A spotless kitchen is like a breath of fresh air: sparkling countertops, gleaming appliances, and a squeaky clean floor.
But in an old house like mine (built in 1941), even when my tile floor was clean, it never actually looked clean. It all came down to the grout. Despite arduous efforts to deep clean it—we’re talking scrubbing with bleach, baking soda with peroxide, and even specialty grout cleaners—it still had that same dingy look.
Replacing the tile didn’t feel like the right solution, since the tile itself was still in good condition. So I decided to paint the grout, using a product that both changed the color completely and sealed it from future stains. And whoa—it looks like a whole new floor!
The grand total to refresh my tired old tile: $15. That’s a small price to pay to finally have a kitchen floor that creates the foundation for squeaky clean vibes all around.
Here’s a before and after to show you how the grout used to look:
Just like any painting project, you have to start with a clean surface to ensure good paint adhesion. Start by giving the grout a thorough cleaning. Here’s a hot tip to save your back and knees: use a long-handled deck brush to scrub the grout. I simply sprayed the cleaning product on the grout lines, scrubbed it with a deck brush, and then wiped it clean with a mop.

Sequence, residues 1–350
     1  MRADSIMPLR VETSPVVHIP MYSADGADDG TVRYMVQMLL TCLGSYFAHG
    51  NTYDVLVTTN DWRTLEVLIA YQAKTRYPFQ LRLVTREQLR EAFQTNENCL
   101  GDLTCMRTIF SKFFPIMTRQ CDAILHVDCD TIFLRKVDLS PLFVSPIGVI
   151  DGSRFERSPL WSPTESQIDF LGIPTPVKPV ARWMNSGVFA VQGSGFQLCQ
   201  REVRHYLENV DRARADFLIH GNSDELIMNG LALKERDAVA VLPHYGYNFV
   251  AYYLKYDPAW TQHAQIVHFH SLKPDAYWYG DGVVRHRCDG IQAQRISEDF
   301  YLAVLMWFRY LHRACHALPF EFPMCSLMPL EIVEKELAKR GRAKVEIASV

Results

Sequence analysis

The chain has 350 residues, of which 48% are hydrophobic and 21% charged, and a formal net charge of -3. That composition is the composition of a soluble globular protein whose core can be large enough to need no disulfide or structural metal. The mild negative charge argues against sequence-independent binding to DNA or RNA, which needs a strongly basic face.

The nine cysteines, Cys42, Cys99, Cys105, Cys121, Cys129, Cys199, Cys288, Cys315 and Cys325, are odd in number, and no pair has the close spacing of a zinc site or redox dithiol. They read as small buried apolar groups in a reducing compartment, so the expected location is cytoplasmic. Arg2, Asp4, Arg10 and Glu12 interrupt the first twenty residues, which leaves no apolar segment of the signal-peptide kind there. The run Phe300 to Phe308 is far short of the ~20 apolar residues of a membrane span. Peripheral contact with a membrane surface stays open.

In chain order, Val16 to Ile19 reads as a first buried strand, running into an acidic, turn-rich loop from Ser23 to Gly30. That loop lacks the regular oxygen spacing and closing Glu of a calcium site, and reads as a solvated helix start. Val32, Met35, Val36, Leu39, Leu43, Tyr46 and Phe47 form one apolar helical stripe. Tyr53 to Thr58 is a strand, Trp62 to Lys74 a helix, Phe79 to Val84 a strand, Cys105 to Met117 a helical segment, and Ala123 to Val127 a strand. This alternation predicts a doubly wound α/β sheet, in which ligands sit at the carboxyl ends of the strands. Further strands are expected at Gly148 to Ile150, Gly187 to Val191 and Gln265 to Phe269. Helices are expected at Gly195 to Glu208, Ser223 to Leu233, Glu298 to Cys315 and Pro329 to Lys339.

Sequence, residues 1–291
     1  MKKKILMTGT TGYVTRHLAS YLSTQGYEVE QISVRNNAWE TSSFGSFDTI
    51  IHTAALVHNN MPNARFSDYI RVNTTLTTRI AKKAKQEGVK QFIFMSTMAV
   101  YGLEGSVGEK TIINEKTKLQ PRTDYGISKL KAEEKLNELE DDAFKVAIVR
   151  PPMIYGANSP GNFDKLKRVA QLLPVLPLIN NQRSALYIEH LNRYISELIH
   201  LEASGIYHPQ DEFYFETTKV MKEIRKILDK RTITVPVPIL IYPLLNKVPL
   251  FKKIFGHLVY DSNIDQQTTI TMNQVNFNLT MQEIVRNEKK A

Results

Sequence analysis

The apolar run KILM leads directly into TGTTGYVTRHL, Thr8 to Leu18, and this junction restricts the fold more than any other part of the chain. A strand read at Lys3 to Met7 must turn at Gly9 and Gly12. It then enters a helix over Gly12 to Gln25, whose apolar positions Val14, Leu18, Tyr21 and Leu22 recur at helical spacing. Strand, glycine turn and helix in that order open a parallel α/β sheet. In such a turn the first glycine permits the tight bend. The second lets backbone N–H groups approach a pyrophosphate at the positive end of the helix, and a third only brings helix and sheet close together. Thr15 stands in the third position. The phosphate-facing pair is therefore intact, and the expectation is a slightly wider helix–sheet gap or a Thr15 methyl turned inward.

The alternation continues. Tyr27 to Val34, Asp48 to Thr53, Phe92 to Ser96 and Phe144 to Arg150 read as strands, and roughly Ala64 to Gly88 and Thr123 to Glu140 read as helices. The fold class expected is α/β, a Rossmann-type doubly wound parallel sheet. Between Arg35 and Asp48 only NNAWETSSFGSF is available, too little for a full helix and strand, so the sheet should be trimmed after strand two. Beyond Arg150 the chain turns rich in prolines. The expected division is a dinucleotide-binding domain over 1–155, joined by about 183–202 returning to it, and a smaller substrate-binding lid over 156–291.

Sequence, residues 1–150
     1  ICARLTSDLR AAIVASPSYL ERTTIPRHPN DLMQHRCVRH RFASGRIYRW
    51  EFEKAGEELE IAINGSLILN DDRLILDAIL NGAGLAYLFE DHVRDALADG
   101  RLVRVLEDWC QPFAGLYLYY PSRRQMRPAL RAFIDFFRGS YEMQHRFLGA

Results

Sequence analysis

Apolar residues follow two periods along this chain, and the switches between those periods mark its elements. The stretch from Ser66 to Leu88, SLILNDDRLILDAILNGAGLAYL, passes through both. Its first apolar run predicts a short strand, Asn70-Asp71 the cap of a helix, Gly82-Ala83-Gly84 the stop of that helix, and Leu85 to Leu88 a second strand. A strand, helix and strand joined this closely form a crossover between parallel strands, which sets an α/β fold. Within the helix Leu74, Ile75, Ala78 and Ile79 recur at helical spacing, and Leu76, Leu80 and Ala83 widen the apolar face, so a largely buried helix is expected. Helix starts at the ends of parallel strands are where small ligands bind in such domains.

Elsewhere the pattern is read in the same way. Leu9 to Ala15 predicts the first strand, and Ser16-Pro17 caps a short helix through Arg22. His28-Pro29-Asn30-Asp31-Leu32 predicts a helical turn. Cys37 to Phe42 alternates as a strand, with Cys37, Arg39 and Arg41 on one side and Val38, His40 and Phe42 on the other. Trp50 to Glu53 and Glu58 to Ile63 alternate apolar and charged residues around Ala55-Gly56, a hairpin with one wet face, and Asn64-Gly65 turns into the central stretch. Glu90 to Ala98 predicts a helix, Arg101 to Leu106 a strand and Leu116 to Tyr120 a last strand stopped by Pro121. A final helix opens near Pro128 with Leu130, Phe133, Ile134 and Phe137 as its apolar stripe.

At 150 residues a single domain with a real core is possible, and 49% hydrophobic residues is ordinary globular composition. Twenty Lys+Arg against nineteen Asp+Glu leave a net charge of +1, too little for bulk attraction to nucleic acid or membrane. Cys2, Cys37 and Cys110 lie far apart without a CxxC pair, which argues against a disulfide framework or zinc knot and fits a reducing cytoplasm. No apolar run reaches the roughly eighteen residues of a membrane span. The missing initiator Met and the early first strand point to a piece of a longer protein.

Once the grout has dried completely, shake the bottle of grout paint to ensure the pigment is evenly distributed. Then pour a tablespoon or two into a small disposable container. You won’t need much, and this just makes it easier to dip your brush as you paint.
Dip a small paintbrush or old toothbrush into the grout paint, and paint it into the grout lines with a light scrubbing motion. The difference in painting grout versus other painting projects is that you essentially want to “scrub” the paint into the grout. Don’t worry if you get paint outside the grout lines, since you’ll be wiping it off. For this reason, it’s best to work in small two-foot sections at a time.
While the grout paint is still wet, use a clean rag to wipe away any paint that has gotten onto the tile.
Let the paint dry, and then assess whether you need a second coat. If you’re going from a really dark grout to a very bright white color, you may need to paint another. Going from light brown to bright white, I found that I only needed to touch up a few areas with a second coat.
Let the grout dry overnight before resuming heavy foot traffic (though you can walk on the floor immediately afterwards as long as you don’t step on the grout lines). Enjoy your newly refreshed floor! Easy, right?
Tip: This also works on grout for backsplashes and showers. The paint just needs to dry for 72 hours.